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A Copy Editing Disaster

Perhaps NewsMax should stick with running those Judicial Watch press releases verbatim after all.

By Terry Krepel
Posted 8/13/2000

The good news is that NewsMax put a byline on its latest Judicial Watch press release.

The bad news is that it's Carl Limbacher's, as this "story behind the story" resides in the "Inside Cover" section.

However, Carl may want to take his name off it, because the even worse news is that "Carl Limbacher and NewsMax.com Staff" actually attempted some minor editing and introduced some big errors above and beyond the ones Judicial Watch originally put in.

In its Aug. 11 "story," Carl and Co. did a generally faithful job of reproducing an Aug. 10 Judicial Watch press release on awards reportedly being given to INS agents who took part in the April raid to take Elian Gonzalez from the home of his Miami relatives. We get your usual Judicial Watch blather that, as ConWebWatch has often noted, makes NewsMax look bad when presented as a work of journalism: the declaration that the raid was "illegal" when no court has made such a declaration, an assertion that the agents "should, frankly, be incarcerated" that stands alone without attribution or any note that it (let alone the entire story) came from a press release, that kind of stuff.

(By the way, this brings the total to at least seven since May. There is, however, another piece focusing on Judicial Watch that NewsMax ran July 28. There's no correlating press release on the Judicial Watch web site, but it sure reads like one.)

Carl and the boys show actual journalistic instincts demonstrated nowhere else here by trying to take out non-Elian-related content -- a good idea, actually, since the allegations linking government officials to other alleged scandals are unsubstantiated.

They get into big trouble, though, when they try to paraphrase what's left. They take the statement from the press release saying that the awards being given by INS head Doris Meissner "are undoubtedly calculated to try and influence court proceedings against her, Attorney General Janet Reno, and Deputy Attorney General Eric Holder" over the Elian saga and try to add that Judicial Watch filed the lawsuit.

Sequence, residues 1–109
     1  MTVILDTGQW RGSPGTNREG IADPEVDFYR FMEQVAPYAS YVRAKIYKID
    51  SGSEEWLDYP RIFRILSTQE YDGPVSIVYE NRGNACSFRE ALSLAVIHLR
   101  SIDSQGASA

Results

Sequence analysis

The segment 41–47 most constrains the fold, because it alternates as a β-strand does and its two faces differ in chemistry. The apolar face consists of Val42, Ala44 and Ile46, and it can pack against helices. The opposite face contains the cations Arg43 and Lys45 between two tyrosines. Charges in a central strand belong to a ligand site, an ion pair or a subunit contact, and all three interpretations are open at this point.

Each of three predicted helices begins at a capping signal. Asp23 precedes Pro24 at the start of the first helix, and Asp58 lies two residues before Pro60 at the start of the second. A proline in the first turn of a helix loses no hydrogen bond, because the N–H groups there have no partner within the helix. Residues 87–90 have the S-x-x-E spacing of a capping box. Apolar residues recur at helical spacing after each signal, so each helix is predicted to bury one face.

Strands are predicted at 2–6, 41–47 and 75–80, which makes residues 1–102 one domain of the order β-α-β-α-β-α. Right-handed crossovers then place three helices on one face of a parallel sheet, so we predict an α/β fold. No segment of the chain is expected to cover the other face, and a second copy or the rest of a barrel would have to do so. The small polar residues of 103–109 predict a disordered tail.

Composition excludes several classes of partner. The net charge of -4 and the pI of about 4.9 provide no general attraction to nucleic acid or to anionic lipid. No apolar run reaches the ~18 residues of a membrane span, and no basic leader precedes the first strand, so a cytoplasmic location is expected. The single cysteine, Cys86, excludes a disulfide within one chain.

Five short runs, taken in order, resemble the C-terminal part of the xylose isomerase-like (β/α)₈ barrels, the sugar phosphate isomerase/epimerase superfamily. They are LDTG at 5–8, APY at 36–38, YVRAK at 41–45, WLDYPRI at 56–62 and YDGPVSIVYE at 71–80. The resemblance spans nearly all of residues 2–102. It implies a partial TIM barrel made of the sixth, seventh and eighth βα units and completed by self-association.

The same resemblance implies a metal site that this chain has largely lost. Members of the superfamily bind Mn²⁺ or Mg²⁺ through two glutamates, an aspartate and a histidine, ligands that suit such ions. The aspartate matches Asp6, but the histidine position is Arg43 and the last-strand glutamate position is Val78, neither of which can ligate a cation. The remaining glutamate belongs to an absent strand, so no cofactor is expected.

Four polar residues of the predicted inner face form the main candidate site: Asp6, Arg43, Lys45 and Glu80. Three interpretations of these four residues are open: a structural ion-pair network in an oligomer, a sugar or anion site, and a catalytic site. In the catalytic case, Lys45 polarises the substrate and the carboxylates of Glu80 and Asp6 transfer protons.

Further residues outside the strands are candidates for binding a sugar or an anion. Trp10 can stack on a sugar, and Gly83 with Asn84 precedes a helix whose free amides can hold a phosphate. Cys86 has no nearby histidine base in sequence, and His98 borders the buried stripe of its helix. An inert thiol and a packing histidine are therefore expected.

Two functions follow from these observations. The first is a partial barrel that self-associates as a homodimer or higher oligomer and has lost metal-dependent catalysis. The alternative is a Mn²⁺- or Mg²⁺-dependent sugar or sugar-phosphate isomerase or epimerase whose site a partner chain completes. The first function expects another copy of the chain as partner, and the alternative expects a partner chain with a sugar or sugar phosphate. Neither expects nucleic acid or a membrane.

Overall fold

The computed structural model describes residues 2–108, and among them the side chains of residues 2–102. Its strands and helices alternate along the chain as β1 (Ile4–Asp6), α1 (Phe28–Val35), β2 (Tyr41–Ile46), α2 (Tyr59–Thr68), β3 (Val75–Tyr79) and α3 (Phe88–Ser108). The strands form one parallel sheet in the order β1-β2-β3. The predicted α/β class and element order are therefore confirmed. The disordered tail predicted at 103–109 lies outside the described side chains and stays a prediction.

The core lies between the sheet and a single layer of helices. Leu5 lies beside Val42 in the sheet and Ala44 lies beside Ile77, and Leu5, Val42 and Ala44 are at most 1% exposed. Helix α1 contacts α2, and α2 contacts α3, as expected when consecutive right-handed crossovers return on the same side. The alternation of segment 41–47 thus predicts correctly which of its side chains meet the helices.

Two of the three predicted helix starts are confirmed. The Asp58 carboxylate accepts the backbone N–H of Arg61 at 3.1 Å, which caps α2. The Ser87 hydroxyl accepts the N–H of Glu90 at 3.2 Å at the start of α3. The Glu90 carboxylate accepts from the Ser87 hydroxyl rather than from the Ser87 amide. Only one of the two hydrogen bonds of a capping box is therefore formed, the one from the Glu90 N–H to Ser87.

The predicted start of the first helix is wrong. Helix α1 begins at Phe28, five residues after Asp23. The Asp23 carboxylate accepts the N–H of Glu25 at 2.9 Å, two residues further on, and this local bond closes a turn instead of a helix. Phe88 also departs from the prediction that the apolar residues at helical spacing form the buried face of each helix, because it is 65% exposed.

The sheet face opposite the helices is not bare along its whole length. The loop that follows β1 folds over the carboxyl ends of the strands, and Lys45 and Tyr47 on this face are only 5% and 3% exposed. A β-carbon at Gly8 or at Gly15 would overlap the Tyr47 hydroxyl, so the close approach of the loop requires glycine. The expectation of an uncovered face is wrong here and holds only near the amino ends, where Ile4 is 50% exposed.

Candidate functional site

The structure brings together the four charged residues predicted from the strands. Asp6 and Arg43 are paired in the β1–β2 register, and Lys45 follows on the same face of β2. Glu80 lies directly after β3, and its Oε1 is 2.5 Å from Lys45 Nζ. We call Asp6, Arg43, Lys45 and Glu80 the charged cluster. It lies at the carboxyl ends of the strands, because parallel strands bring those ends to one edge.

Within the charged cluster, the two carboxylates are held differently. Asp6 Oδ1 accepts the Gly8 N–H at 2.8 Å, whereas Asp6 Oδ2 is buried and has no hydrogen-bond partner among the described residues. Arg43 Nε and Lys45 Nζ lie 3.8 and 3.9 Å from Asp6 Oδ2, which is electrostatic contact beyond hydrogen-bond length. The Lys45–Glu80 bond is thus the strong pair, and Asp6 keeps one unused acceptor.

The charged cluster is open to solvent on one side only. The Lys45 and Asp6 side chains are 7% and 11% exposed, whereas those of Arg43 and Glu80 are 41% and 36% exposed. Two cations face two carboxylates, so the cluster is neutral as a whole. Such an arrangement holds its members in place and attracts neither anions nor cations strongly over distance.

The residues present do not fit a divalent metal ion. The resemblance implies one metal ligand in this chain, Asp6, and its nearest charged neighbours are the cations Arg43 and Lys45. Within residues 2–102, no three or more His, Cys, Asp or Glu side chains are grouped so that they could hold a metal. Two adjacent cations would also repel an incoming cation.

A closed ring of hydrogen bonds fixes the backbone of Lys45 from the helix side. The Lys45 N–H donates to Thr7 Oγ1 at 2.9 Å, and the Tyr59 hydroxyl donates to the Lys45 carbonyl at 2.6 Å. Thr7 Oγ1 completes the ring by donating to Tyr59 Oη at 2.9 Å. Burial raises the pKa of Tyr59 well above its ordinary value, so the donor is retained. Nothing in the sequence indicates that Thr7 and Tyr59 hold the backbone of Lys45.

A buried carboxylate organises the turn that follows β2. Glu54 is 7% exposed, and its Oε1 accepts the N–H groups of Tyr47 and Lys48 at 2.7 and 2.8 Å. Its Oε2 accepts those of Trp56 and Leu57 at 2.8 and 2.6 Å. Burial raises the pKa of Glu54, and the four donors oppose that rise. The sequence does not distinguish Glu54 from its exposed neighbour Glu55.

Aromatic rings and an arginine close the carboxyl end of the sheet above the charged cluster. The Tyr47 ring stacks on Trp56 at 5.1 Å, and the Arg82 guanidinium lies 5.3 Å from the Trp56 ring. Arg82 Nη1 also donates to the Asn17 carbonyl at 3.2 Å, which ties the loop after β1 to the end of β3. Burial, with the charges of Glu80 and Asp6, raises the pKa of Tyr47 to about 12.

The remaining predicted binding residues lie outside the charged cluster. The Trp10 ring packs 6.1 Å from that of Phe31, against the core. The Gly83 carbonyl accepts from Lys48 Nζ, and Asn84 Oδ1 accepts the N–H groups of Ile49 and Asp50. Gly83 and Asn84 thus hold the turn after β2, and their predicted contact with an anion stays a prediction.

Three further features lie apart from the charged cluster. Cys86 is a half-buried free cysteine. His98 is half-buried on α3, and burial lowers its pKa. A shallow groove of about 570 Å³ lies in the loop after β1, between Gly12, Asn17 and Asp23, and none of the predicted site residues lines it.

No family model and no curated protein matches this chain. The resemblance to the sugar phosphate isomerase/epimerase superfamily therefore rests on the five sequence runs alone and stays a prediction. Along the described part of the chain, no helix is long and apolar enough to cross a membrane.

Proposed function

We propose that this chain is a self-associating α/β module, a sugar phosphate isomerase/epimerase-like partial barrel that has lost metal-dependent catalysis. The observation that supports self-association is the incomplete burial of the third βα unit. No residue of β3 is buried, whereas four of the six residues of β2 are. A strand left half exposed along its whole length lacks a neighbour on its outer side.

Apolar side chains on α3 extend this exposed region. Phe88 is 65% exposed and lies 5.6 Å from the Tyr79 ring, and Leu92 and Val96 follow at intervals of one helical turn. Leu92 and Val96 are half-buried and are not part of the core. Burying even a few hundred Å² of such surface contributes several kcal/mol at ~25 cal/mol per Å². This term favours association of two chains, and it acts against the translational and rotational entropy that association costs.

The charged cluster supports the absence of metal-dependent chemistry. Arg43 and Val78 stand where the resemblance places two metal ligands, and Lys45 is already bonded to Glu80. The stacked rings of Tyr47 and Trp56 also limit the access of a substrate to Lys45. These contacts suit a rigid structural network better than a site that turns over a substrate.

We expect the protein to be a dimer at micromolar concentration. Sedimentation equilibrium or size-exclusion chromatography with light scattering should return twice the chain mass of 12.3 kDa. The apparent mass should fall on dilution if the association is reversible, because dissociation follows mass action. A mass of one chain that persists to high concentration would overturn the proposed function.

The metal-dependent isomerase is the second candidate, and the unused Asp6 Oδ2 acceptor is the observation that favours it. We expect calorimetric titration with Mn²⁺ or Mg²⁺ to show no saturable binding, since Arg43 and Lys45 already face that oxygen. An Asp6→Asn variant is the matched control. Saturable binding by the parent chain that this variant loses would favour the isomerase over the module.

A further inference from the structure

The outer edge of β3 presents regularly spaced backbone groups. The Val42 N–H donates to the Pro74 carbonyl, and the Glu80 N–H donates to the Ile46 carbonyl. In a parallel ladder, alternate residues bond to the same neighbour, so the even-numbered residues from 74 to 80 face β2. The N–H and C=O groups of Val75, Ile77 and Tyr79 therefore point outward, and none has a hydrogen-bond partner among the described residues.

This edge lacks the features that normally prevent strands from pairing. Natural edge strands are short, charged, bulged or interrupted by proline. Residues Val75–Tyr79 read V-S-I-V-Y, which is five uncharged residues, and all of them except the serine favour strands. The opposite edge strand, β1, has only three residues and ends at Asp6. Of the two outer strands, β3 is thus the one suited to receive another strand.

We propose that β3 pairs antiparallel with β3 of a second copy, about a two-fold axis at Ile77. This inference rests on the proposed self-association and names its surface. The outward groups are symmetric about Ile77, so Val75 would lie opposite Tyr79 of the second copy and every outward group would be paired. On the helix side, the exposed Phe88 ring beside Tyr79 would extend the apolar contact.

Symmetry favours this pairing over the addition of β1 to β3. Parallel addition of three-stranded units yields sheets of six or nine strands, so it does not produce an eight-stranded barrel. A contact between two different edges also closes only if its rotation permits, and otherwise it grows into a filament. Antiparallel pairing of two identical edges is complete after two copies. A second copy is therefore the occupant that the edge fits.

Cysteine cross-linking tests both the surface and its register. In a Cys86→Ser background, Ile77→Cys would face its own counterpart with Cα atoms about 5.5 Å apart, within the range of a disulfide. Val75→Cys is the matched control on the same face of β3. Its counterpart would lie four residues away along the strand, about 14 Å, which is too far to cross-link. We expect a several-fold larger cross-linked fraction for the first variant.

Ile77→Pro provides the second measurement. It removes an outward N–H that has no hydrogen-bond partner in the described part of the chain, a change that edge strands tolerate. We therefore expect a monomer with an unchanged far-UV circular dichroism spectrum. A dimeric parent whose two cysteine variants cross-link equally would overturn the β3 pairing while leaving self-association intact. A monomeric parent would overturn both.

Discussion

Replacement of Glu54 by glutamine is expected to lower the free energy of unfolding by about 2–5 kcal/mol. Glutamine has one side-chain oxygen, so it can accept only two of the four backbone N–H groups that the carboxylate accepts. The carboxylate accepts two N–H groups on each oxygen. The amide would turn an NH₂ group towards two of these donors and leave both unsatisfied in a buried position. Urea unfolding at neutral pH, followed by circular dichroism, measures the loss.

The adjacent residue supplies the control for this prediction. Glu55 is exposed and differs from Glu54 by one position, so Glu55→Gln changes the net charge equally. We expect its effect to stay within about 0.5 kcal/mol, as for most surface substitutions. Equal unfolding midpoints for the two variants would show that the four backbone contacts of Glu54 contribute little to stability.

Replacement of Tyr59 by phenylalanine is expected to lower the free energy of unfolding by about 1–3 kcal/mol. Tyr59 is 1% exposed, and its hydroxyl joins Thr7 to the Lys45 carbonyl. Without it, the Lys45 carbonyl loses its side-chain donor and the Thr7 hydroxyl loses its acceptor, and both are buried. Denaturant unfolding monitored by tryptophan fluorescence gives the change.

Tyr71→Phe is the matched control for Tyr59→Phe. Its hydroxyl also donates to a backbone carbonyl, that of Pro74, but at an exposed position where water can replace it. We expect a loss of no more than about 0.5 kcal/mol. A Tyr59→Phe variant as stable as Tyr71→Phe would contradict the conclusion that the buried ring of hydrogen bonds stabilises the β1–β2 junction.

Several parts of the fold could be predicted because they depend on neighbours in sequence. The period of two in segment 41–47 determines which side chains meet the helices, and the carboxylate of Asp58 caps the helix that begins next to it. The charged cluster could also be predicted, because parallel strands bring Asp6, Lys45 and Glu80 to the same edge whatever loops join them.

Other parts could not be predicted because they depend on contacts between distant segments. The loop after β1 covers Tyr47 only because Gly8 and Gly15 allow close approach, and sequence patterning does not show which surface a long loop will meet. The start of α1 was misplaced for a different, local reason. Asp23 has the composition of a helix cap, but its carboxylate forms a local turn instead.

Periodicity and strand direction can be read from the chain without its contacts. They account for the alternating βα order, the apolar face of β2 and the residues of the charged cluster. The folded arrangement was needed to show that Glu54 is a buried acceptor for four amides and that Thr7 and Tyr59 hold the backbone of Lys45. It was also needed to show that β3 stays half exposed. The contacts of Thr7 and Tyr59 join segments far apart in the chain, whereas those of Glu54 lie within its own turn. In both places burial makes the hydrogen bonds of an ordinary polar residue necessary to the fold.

But they put it in the wrong place. The NewsMax article reads that the awards "are undoubtedly calculated to try and influence court proceedings against her by Judicial Watch, Attorney General Janet Reno, and Deputy Attorney General Eric Holder."

Yes, the story reads that Meissner is being sued by Reno, Holder and Judicial Watch.

Then, in the third paragraph, NewsMax adds a reference to "Judicial Watch chief Larry Klayman." But two paragraphs later is a straight-from-the-press-release quote from "Judicial Watch Chairman and General Counsel Larry Klayman." This is what is known as redundancy; Klayman has already been introduced once, so the slavish devotion to the press release should have been abandoned and the second reference should have read simply, "Klayman said."

And in the fourth paragraph NewsMax story is the sentence: "Klayman says Meissner is "the most lawless head of the INS in American history." The problem? Klayman isn't quoted as saying that in the press release. It's taken from a sentence with no attribution that asserts that Meissner "is, in the view of Judicial Watch, the most lawless head of the INS in American history."

All this makes one question the journalistic credentials of "Carl Limbacher and NewsMax.com staff." They take a press release and not only don't tone down the hyperbole associated with press release, they introduce a factual error, an attribution error and a sloppy copy-editing error. Most other news organizations, confronted with work like this, would give the person responsible a severe tongue-lashing at the minimum and a pink slip at worst.

Most editors try to keep mistakes like these out of their publications, not put them in.

But, since the NewsMax way is less about the facts and more about advancing an agenda, don't expect Christopher Ruddy to suddenly get religion and issue any sort of reprimand visible to its readers. The "story" made the point it was supposed to, after all.

If you were wondering why NewsMax staffers are working there as opposed to somewhere else, this would appear to be one reason.

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